You're scanning the EMR and you see four office visits in the past month with the same chief complaint. You walk in the room knowing it's not going to be an average cut-and-dry visit. The patient is frustrated about their bowel, their bladder or their other non-emergent complaint that keeps driving them back to the office, and you have to address them with firm confidence.
I have at least one or two of these patients per day and their persistent problem usually has an underlying obvious patient-dependent factor. A sampling includes the frustrated smoker with a lingering sinusitis, the overactive bladder women who refused surgical options, or the back pain patient who keeps missing their appointment with pain management - and I could go on. It's during encounters like that I am eternally grateful I can always tell the patient that, "I'm just going to step out of the room to discuss this with my attending" and basically pass the buck to someone else.
I also can't understate the power of a referral - which by the time they've returned again has usually been offered, but for various factors, the patient hasn't yet been able to go see. The struggle for me, beside the medical aspect of determining a diagnosis and treatment plan, is that I become frustrated with the patient. My inability to fix their core medical issue, though non-emergent and non-life-threatening shakes my own confidence, "What am I missing? What else could be going on here?"
Most of the time malignancy cannot even be in the diagnosis, but it can slip in subtly. "I could be missing cancer," is always in the back of my mind. Then, there's the fighting for prior authorizations for insurance companies for new medications, and the patient call backs that make me feel even more helpless.
So it takes a moment of perspective shift when I realize that though the patients and I may be frustrated, we are trying, we have options, and we have the greatest healthcare system in the world. We have modern medicine with all its glories and shortcomings. And it's in these moments of stepping back, even while I'm practically jogging from exam room to exam room, when it all becomes a surreal, wonderful moment of gratitude. We all have life, uncomfortable though it may be, and each day is worth being thankful about.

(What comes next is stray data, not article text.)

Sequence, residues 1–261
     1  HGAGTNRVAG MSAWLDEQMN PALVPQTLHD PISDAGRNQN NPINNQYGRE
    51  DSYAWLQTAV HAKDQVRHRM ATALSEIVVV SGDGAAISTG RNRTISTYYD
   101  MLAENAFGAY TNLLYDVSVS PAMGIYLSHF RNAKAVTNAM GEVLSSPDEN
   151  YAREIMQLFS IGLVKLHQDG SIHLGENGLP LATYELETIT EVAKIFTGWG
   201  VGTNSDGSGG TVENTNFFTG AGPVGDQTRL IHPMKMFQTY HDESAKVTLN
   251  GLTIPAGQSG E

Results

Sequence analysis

Primary care is so imperfect. Each day I could probably find as many things to complain about as complaints my patients come in with, and I am beginning to see why burnout can occur. That is, if you don't have the right perspective. As I forge ahead on this year-one journey, I am creating tenets to avoid burnout. I'm honestly not a huge believer in self-help or magical powers of positive thinking, but we all function day-to-day with principles and ideas influencing us, whether we admit it or not.
- Principle one: Poker face. Laughing on the inside is always acceptable, but patients will say the most outlandish things. "It's easier to get marijuana than an antibiotic so just give me a refill on this amoxicillin." Nope, not gonna do it, honey.
- Principle two: Customer is not always right. This isn't Burger King, so I actually do have a right to be a little bossy sometimes.
Patient's wife: "I'm pretty sure my husband had a stroke over the weekend but he refused to get on the ambulance to go to the ER."
Me: "Go to ER."
- Principle three: Your attending doctor is always right. This is just a trick to make life simpler. With that mindset, there's less frustration.
- Principle four: Patients seem to respond to, "I am so very sorry for your wait," so I just keep this nice phrase on hand to try to ease the tension when I first walk into an exam room.
- Principle five: When your staff messes up with just about anything, it's always your fault. Just take the blame when you're the one calling back the patient and they usually take it a bit better coming from you. Blaming others never makes you look good.
- Principle six: This isn't about the paycheck. I thought getting out of school would end the paycheck-to-paycheck lifestyle, but the tsunami of loan payment hit. This is not about the paycheck. I "like" this job. It's worth it. I "enjoy" it...most of the time.
- Principle seven: Only a few more days until the weekend.
What I ask people who are considering PA school or trying to pick a specialty in medicine is that they decide what they like best about people. Do you like it best when people are passed out on the operating table, nonverbal? Do you like people when they're panicked and have chest pain? Do you like people when they are in their last days of life? Do you like people when they're less than 5 pounds and premature? Deciding that can be the difference between misery and fulfillment in a job that took no small sacrifice or student debt to arrive at.